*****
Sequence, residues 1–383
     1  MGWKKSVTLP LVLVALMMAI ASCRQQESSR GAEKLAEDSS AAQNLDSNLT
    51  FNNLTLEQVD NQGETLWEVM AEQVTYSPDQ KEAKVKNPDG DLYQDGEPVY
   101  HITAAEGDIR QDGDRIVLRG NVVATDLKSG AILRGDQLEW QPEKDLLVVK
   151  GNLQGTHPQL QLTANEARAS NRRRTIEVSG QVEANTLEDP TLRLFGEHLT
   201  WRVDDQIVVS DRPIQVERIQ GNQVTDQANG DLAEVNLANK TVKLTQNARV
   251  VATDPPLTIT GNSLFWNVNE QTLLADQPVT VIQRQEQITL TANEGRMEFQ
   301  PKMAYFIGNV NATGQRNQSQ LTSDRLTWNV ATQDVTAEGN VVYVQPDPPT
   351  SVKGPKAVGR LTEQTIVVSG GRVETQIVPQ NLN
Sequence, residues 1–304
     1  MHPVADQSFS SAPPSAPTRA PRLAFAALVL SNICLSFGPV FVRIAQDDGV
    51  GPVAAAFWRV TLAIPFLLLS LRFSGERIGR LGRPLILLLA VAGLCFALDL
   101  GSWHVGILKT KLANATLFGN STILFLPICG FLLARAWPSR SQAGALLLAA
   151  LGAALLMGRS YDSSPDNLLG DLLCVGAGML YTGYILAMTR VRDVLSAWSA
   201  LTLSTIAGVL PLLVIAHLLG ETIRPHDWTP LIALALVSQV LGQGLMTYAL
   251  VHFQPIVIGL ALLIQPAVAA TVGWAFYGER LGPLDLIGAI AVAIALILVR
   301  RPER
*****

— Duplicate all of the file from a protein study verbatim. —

Sequence, residues 1–383
     1  MGWKKSVTLP LVLVALMMAI ASCRQQESSR GAEKLAEDSS AAQNLDSNLT
    51  FNNLTLEQVD NQGETLWEVM AEQVTYSPDQ KEAKVKNPDG DLYQDGEPVY
   101  HITAAEGDIR QDGDRIVLRG NVVATDLKSG AILRGDQLEW QPEKDLLVVK
   151  GNLQGTHPQL QLTANEARAS NRRRTIEVSG QVEANTLEDP TLRLFGEHLT
   201  WRVDDQIVVS DRPIQVERIQ GNQVTDQANG DLAEVNLANK TVKLTQNARV
   251  VATDPPLTIT GNSLFWNVNE QTLLADQPVT VIQRQEQITL TANEGRMEFQ
   301  PKMAYFIGNV NATGQRNQSQ LTSDRLTWNV ATQDVTAEGN VVYVQPDPPT
   351  SVKGPKAVGR LTEQTIVVSG GRVETQIVPQ NLN
Sequence, residues 1–304
     1  MHPVADQSFS SAPPSAPTRA PRLAFAALVL SNICLSFGPV FVRIAQDDGV
    51  GPVAAAFWRV TLAIPFLLLS LRFSGERIGR LGRPLILLLA VAGLCFALDL
   101  GSWHVGILKT KLANATLFGN STILFLPICG FLLARAWPSR SQAGALLLAA
   151  LGAALLMGRS YDSSPDNLLG DLLCVGAGML YTGYILAMTR VRDVLSAWSA
   201  LTLSTIAGVL PLLVIAHLLG ETIRPHDWTP LIALALVSQV LGQGLMTYAL
   251  VHFQPIVIGL ALLIQPAVAA TVGWAFYGER LGPLDLIGAI AVAIALILVR
   301  RPER